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21 of 25differentiation as if it were a constant. Afterward s, in the resulting differentiated equation, values of the variable held constant (socioeconomic status in this case) can be substituted in order to calculate actual values of the partial derivative f unction (i.e., to determine the influence of the variable not held constant on the dependent variabl e with respect to differing values of the variable that was held constant during partial diff erentiation). In this proposed study, the effects of size on achievement are hypothesized to vary by socioeconomic status, and the partial derivative hypothetically provides a mechanism to e valuate the differences. For this study, the applicable partial derivative w ill give the effect of change in size (defined as cohort-level enrollment) on achievement (CTBS composite scores) as socioeconomic status (free and reduced-price lunch rates and, alt ernatively, in county-level analyses, percent of the general population with less than a twelfth-gra de education) is held constant. The general form of the mathematical model proposed is given by the following equation: f(z) = ax + by + cxy (equation 1) where:a, b, and c are the unstandardized regression coeff icients (of size, socioeconomic status, and the interaction term, respectively);z represents values of achievement (the dependent v ariable); x represents values of size (one independent variab le); andy represents the values of the socioeconomic status variable (the second independent variable). Holding y constant, and differentiating z with resp ect to x, the relevant partial derivative is given by the equation: fx(z) = a + cy (equation 2) This equation can be used to calculate the effect o n the dependent variable (z, achievement) for differing values of the variable h eld during partial differentiation (y, socioeconomic status). Standardizing the partial derivative renders it as an "effect size," which is more easily interpretable than the unstandardized form. The tot al, standardized effect of school size on achievement (in standard deviation units) is given by the following formula: s(x)effect size = (a + cy)----s(z) (equation 3) This is the final form of the regression equations, and it represents the change in achievement (in standard deviation units) expected with change in s ize (also in standard deviation units) among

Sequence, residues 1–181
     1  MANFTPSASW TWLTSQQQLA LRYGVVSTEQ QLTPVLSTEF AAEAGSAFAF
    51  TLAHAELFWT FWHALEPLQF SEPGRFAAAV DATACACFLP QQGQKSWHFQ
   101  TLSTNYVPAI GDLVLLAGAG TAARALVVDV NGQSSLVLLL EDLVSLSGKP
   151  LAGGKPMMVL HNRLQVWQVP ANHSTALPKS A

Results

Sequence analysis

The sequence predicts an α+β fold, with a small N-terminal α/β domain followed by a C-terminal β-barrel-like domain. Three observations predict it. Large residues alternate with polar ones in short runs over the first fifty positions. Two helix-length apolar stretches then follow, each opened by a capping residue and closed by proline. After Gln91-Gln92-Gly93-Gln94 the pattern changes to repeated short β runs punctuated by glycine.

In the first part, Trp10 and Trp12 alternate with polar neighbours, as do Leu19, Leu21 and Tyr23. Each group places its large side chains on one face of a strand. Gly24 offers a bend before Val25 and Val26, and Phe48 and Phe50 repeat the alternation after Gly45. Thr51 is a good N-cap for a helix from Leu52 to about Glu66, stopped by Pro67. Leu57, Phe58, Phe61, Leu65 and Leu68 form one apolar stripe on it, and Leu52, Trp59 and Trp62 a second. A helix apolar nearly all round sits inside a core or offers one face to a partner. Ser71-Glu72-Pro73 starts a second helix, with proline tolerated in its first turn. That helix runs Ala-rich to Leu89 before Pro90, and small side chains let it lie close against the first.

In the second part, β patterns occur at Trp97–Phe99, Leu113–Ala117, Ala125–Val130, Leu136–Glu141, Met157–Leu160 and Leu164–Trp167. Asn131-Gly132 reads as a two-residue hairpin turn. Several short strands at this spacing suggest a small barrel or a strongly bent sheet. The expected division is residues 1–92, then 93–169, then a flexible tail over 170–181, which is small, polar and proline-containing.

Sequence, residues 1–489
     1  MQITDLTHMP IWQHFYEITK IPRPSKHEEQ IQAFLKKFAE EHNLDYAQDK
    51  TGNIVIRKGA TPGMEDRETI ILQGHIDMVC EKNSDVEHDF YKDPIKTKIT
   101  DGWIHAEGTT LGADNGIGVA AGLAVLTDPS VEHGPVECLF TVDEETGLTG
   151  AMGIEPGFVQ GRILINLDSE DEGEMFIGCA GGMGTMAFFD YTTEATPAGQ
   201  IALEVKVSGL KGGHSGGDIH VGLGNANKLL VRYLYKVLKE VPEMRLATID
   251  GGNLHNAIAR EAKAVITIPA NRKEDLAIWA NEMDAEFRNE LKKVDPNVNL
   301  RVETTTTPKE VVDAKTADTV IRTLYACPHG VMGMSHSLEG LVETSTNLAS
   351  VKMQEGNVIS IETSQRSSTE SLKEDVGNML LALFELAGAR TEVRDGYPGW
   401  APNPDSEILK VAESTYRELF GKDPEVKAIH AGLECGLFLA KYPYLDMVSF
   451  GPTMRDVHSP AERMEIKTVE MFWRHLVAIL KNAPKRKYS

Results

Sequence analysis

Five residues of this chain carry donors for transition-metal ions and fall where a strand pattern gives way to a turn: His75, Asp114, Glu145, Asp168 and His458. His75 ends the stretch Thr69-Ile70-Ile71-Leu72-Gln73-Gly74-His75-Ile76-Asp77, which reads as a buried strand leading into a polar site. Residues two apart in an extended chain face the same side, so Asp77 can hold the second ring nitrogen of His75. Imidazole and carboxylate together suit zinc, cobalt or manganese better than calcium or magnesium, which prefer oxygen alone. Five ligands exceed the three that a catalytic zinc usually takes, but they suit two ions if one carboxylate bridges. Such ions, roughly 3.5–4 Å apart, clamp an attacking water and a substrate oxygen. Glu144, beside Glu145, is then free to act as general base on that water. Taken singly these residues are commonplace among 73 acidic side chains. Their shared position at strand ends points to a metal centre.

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22 of 25cases with a particular SES. References Anderson, J. (1991, April). Using the norm-referenc ed model to evaluate Chapter 1. Paper presented at the annual meeting of the American Edu cational Research Association, Chicago. (ERIC Document Reproduction Service No. ED 350 315)Appalachian Land Ownership Task Force. (1981). Land ownership patterns and their impacts on Appalachian communities: A survey of 80 counties. B oone, NC and New Market, TN: Appalachian State University and Highlander Researc h and Education Center. (ERIC Document Reproduction Service No. ED 325 280)Appalachian Land Ownership Task Force. (1983). Who owns Appalachia? Landownership and its impact. Lexington, KY: University of Kentucky P ress. Boyer, E. (1995). Basic school: A community for lea rning (Advance Copy). Princeton, NJ: Carnegie Foundation for the Advancement of Teaching (ERIC Document Reproduction Service No. ED 381 284)Bryk, A. (1994). More good news that school organiz ation matters. [from newsletter of the Center on Organization and Restructuring of Schools ]. Cannell, J. (1987). The Lake Wobegone effect revisi ted. Educational Measurement: Issues and Practice, 7(4), 12-15.Conant, J. (1959). The American high school today: A first report to citizens. New York: McGraw-Hill."Consolidation, Yes". (1992, February 22). Charlest on Gazette, p. 4A. "Consolidation (The state Isn't Wrong About That)". (1993, August 11). Charleston Daily Mail, p. 4A.Cubberley, E. (1922). Rural life and education: A s tudy of the rural-school problem as a phase of the rural-life problem. NY: Houghton-Mifflin.DeYoung, A. (1995). The death and life of a rural A merican high school: Farewell, Little Kanawha. New York: Garland.Fowler, W., & Walberg, H. (1991). School size, char acteristics, and outcomes. Educational Evaluation and Policy Analysis, 13(2), 189-202.Friedkin, N., & Necochea, J. (1988). School system size and performance: A contingency perspective. Educational Evaluation and Policy Anal ysis, 10(3), 237-249. Gaventa, J. (1980). Power and powerlessness: Quiesc ence and rebellion in an Appalachian valley. Chicago: University of Illinois Press.Goodlad, J. (1984). A place called school. New York : McGrawHill. Governor's Committee on Education. (1990). Educatio n first: Our future depends on it.